A conference may be asked, before the House asking it has come to a resolution of disagreement, insisting or adhering. 3 Hats. 269, 341. In which case the papers are not left with the other conferees, but are brought back to be the foundation of the vote to be given. And this is the most reasonable and respectful proceeding. For, as was urged by the lords on a particular occasion, “it is held vain, and below the wisdom of parliament, to reason or argue against fixed resolutions, and upon terms of impossibility to persuade.” 3 Hats. 226. So the commons say, “an adherence is never delivered at a free conference, which implies debate.” 10 Grey, 137. And on another occasion the lords made it an objection that the commons had asked a free conference after they had made resolutions of adhering. It was then affirmed, however, on the part of the commons, that nothing was more parliamentary than to proceed with free conferences after adhering, 3 Hats. 269, and we do in fact see instances of conference, or of free conference, asked after the resolution of disagreeing. 3 Hats. 251, 253, 260, 286, 291, 316, 349, of insisting, ib. 280, 296, 299, 319, 322, 355 ; of adhering, 269, 270, 283, 300, and even of a second or final adherence. 3 Hats. 270. And in all cases of conference asked after a vote of disagreement, &c. the conferees of the House asking it, are to leave the

papers with the conferees of the other: and in one case where they refused to receive them, they were left on the table in the conference chamber. ib. 271, 317, 323, 354. 10 Grey, 146.

After a free conference, the usage is to proceed with free conferences, and not to return again to a conference. 3 Hats. 270. 9 Grey, 229.

After a conference denied, a free conference may be asked. 1 Grey, 45.

When a conference is asked, the subject of it must be expressed, or the conference not agreed to; Ord. H. Com. 89. 1 Grey, 425. 7 Grey, 31. They are sometimes asked to inquire concerning an offence or default of a member of the other House. 6 Grey, 181. i Chand. 304. Or the failure of the other House to present to the King a bill passed by both Houses, 8 Grey 302. Or on information received, and relating to the safety of the nation, 10 Grey, 171. Or when the methods of parliament are thought by the one House to have been departed from by the other, a conference is asked to come to a right understanding thereon. 10 Grey, 148. So when an unparliamentary message has been sent, instead of answering it, they ask a conference. 3 Grey, 155. Formerly an address or articles of impeachment, or a bill with amendments, or a vote of the House, or concurrence in a vote, or a message from the King, were sometimes communicated by way of conference. 6 Grey, 128, 300, 387. 7 Grey, 80. 8 Grey, 210, 255. 1 Torbuck's Deb. 278. 10 Grey, 293. i Chandler, 49, 287. But this is not the modern practice. 8 Grey, 255.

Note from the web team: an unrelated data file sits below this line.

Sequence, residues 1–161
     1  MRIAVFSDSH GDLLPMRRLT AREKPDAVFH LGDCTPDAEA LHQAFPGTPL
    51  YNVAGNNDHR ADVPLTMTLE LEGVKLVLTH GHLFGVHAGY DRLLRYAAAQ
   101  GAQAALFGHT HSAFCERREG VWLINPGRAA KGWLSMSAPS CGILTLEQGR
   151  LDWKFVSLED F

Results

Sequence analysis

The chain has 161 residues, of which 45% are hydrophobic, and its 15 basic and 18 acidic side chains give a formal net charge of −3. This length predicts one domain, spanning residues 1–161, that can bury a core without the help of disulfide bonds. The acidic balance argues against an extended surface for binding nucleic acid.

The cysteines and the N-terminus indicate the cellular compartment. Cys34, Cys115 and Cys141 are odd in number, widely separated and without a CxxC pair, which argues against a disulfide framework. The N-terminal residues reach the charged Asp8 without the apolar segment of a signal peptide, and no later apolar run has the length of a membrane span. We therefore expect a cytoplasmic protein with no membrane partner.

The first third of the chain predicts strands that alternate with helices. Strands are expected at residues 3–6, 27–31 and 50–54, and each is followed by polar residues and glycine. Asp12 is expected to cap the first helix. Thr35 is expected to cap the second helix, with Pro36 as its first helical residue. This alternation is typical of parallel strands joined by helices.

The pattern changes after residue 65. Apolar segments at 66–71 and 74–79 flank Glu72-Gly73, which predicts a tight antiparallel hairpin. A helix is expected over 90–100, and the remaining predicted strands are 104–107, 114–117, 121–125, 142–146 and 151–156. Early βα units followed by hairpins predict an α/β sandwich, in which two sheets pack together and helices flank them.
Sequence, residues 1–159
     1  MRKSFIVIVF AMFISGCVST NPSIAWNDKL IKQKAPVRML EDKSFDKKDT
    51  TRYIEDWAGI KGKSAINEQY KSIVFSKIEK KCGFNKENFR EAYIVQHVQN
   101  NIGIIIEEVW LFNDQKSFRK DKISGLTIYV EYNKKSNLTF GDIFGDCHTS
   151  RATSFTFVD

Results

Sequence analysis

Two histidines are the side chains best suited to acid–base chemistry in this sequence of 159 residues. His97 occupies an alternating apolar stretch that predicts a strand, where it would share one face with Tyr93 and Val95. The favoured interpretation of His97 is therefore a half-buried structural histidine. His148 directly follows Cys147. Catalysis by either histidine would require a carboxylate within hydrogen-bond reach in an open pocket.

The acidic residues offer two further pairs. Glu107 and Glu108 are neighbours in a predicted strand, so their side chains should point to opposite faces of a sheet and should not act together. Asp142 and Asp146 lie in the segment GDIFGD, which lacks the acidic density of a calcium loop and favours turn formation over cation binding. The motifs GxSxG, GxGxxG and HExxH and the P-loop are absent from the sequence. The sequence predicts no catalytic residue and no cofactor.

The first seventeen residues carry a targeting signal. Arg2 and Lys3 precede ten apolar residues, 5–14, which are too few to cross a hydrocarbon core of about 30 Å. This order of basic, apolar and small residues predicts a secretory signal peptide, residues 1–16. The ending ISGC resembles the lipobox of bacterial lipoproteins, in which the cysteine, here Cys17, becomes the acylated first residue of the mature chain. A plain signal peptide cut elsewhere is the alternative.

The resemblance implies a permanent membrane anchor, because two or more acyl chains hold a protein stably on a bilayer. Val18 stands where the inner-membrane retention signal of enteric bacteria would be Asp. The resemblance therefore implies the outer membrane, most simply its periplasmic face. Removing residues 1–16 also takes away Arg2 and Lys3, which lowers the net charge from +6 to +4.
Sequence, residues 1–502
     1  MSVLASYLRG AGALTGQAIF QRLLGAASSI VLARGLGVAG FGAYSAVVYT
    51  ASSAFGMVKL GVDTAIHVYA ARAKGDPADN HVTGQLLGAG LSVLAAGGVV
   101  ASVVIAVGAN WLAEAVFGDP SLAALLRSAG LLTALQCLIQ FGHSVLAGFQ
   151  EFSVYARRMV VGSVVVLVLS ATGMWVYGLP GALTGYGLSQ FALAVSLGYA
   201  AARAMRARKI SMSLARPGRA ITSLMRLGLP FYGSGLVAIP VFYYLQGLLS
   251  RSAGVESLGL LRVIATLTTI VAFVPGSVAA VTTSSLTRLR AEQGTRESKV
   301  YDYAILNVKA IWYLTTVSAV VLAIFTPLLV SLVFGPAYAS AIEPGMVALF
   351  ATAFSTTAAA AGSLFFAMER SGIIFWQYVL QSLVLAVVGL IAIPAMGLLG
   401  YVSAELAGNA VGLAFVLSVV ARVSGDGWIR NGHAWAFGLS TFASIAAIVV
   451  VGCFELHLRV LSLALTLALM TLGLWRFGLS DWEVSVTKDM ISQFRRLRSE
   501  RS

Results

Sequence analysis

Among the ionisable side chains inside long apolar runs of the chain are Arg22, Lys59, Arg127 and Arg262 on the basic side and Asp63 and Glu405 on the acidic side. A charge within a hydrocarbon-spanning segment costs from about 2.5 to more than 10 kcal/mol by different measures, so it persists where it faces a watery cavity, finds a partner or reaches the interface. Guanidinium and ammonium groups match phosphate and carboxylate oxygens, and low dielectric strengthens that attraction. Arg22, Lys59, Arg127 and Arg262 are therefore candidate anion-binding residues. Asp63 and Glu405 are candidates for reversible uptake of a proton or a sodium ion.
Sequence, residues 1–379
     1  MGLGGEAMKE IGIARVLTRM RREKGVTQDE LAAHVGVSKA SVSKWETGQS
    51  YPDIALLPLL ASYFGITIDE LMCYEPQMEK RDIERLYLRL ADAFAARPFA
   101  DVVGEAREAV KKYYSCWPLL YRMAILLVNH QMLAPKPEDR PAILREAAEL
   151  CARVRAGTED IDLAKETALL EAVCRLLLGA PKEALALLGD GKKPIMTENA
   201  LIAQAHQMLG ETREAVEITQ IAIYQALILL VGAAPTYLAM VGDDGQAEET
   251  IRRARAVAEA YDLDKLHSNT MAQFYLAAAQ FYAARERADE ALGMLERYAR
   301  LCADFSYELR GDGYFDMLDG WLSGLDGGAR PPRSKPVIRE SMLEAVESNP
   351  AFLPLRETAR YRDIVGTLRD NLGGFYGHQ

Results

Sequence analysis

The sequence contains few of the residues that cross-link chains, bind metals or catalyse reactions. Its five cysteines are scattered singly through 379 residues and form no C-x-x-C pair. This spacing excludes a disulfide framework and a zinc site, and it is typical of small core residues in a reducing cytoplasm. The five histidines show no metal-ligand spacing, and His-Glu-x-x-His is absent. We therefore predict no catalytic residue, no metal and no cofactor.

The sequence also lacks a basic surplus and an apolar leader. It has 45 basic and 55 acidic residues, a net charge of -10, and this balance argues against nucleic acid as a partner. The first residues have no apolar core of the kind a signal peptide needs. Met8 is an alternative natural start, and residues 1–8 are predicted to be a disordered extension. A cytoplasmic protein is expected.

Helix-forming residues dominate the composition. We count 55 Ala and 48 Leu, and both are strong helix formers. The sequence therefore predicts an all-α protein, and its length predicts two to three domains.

A conference has been asked after the first reading of a bill. i Grey, 194. This is a singular instance.

SEC. XLVII.- MESSAGES.

Messages between the houses are to be sent only while both houses are sitting. 3 Hats. 15. They are received during a debate without adjourning the debate. 3 Hats. 22.

[In Senate the messengers are introduced in any state of business, except, 1. While a question is putting. 2. While the yeas and nays are calling. 3. While the ballots are counting. Rule 46. The first case is short: the second and third are cases where any interruption might occasion errors difficult to be corrected. So arranged June 15, 1798.]

In the House of Representatives, as in parliament, if the house be in committee when a messenger attends, the speaker takes the chair to receive the message, and then quits it to return into committee, without any question or interruption. 4 Grey, 226.

Messengers are not saluted by the members, but by the speaker for the house. 2 Grey, 253, 274.

If messengers commit an error in delivering their message, they may be admitted, or called in to correct their message. 4 Grey, 41. Accordingly, March 13, 1800, the Senate having made two amendments to a bill from the House of Representatives, their secretary, by mistake, delivered one only; which being inadmissable by itself, that house disagreed, and notified the Senate of their disagreement. This produced a discovery of the mistake. The secretary was sent to the other house to correct his mistake, the correction was received, and the two amendments acted on de novo.

As soon as the messenger, who has brought bills from the other house, has retired, the speaker holds the bills in his hand, and acquaints the house “ that the other house have by their messenger sent certain bills," and then reads their titles, and delivers them to the clerk, to be safely kept, till they shall be called for to be read. Hakew. 178.

It is not the usage for one House to inform the other by what numbers a bill has past. 10 Grey, 150. Yet they have sometimes recommended a bill, as of great importance, to the consideration of the house to which it is sent. 3 Hats. 25. Nor when they have rejected a bill from the other house, do they give notice of it; but it passes sub silentio, to prevent unbecoming altercations. 1 Blackst. 183.